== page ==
A. To compare requirements in the sociology and anthropology departments
B. To get advice about changing her major
C. To find out how to incorporate a new interest into her academic program
D. To discuss the possibility of doing research on a Navajo reservation
NARRATOR: Listen to a conversation between a student and her academic advisor.
FEMALE STUDENT: Hi, Professor Jones. Thanks for seeing me.
MALE PROFESSOR: No problem, Laura. How was your summer break?
FEMALE STUDENT: It was great! But the fact is, it's made me reconsider my academic plans.
MALE PROFESSOR: Oh really...? Nothing too dramatic, I hope.
FEMALE STUDENT: No, no, at least I hope not.
MALE PROFESSOR: What do you mean—exactly?
FEMALE STUDENT: Well, I just spent the summer working on a Native American reservation, a Navajo reservation, in Arizona. And I was fascinated...so, now I want to study the Navajo language, um, their history, religion...I want to go back next summer, too, and maybe even spend a semester there, some kind of internship or independent study.
MALE PROFESSOR: Wow, sounds like you're really enthusiastic.But, you were majoring in sociology and I seem to recall that for your senior project you were doing something with education...
FEMALE STUDENT: Right. I've done some research on the public schools in the northeastern states... how they’ve been affected by changes in population... um... immigration trends—during the past 50 years.But now, I really want to study the culture of the Navajo people.
MALE PROFESSOR: Well, there are a couple of options ... depending on your priorities.Say, how'd you end up on a reservation in Arizona anyway?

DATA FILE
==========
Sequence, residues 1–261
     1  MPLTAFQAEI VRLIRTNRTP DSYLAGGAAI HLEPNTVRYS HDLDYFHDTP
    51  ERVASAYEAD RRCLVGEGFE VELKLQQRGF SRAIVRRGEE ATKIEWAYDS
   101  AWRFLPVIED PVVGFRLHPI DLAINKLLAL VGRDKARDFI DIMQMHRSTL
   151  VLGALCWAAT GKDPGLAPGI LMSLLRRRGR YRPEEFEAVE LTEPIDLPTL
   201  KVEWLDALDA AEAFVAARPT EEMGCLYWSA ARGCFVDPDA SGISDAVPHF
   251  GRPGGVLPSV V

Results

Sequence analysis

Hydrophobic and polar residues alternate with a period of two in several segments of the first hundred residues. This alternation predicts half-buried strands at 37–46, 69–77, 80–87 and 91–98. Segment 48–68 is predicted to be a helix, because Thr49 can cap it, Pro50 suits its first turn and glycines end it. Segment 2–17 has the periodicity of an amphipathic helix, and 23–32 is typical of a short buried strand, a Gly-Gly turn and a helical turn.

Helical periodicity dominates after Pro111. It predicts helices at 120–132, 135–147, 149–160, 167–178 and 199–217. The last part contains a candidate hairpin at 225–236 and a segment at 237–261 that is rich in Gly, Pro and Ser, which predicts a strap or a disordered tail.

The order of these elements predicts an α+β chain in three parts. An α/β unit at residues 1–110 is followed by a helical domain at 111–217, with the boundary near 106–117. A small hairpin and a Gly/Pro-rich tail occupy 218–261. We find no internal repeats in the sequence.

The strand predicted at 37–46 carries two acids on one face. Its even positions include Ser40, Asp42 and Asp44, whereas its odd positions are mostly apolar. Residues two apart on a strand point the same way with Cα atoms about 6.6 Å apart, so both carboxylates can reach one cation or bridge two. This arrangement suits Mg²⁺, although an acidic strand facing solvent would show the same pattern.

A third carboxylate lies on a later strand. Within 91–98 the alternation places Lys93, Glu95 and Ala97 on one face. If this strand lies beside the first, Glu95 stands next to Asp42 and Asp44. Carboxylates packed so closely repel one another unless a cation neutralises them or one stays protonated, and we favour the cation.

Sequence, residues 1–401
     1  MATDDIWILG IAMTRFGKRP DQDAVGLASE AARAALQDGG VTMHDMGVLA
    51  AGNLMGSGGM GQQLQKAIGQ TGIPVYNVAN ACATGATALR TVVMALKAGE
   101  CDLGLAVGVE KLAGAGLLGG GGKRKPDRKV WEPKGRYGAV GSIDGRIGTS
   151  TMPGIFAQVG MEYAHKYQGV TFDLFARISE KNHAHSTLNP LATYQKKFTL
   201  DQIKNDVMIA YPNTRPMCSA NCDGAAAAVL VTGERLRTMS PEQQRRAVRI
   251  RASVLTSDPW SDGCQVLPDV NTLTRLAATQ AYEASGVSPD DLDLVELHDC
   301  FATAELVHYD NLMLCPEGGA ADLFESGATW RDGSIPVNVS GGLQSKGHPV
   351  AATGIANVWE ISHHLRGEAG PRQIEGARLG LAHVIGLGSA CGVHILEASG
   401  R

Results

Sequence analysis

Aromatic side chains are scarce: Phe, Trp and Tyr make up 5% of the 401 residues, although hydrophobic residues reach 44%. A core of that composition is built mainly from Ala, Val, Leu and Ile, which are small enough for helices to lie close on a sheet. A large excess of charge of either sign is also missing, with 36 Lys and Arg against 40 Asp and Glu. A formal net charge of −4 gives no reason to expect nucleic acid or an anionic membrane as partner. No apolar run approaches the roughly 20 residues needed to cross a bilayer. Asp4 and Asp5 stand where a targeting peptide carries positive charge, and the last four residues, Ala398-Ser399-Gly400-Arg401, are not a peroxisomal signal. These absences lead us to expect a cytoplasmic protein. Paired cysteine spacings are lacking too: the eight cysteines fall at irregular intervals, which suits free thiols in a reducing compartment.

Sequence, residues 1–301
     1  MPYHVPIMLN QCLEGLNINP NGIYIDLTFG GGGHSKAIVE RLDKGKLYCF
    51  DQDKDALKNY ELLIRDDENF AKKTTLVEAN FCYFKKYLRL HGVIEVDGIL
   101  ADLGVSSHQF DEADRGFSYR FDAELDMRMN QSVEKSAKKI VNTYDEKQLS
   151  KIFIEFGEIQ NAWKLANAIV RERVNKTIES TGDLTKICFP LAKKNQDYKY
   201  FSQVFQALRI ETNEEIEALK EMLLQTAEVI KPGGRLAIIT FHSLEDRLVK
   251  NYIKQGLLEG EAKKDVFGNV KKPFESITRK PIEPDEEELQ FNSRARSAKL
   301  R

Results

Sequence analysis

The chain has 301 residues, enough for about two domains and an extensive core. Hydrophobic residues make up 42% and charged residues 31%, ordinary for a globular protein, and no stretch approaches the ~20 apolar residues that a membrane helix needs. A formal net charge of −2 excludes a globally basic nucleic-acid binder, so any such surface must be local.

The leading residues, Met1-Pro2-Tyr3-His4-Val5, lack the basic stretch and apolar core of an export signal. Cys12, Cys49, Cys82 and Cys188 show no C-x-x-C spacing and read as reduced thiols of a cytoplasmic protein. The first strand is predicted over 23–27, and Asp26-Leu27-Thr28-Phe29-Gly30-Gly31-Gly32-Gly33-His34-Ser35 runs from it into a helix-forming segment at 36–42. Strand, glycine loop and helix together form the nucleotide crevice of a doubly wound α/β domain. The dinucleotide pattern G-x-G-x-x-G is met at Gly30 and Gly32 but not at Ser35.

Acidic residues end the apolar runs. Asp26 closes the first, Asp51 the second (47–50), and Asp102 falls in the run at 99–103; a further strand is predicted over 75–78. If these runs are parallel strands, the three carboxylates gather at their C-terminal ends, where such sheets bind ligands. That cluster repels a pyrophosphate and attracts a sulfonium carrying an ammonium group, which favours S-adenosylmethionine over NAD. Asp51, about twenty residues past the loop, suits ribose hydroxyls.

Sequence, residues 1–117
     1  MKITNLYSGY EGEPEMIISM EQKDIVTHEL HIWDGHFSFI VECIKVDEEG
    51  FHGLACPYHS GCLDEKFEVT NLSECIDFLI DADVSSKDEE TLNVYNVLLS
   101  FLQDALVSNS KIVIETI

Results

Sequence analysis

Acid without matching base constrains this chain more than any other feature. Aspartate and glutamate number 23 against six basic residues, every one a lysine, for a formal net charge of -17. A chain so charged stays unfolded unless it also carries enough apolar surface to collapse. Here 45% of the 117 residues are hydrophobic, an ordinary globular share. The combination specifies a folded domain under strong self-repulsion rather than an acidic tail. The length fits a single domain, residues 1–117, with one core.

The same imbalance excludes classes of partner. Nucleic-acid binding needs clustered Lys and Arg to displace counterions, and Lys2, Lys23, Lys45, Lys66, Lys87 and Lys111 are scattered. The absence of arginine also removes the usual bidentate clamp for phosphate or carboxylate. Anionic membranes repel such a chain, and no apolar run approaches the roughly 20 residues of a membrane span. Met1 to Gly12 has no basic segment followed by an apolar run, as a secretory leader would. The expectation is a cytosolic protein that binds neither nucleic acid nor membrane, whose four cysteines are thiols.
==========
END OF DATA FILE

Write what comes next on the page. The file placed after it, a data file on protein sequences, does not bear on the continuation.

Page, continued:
FEMALE STUDENT: Well, a friend of mine took a job there ... uh, in a summer-school program... and they had another opening—someone canceled at the last minute.I thought it would just be a big adventure. But it turned out to be much more than that.
MALE PROFESSOR: I see. Anyway, as I was saying, your options depend on what your priorities are... and on exactly what you want to study.
FEMALE STUDENT: UH, like I said…Navajo culture.
MALE PROFESSOR: Let's see if we can be more specific.If you want to study the Navajo language, learn about their religion, their history... that's part of cultural anthropology.
FEMALE STUDENT: No, I really don't want to change majors at this point. I love sociology, and I really want to graduate in four years.
MALE PROFESSOR: OK, now I see what your priorities are. So, from a sociological perspective...since you’re interested in education, you can stay with that... change your research topic to the Native American experience with public education... the effect it's had.And you could take sociology courses on religion or the role of minorities in society... again, focusing your research on the Navajo.
FEMALE STUDENT: Um, I hadn't thought about that angle. Sounds intriguing.And all the courses I've already taken would still count toward my degree?
MALE PROFESSOR: I'd have to check, and we might need to plan carefully to make sure all your degree requirements are met, but I don't see any problems.
FEMALE STUDENT: Great. And then I can pick up the language and culture courses as electives.
Well, I just spent the summer working on a Native American reservation, a Navajo reservation, in Arizona. And I was fascinated... so, now I want to study the Navajo language, um, their history, religion...I want to go back next summer, too, and maybe even spend a semester there, some kind of internship or independent study.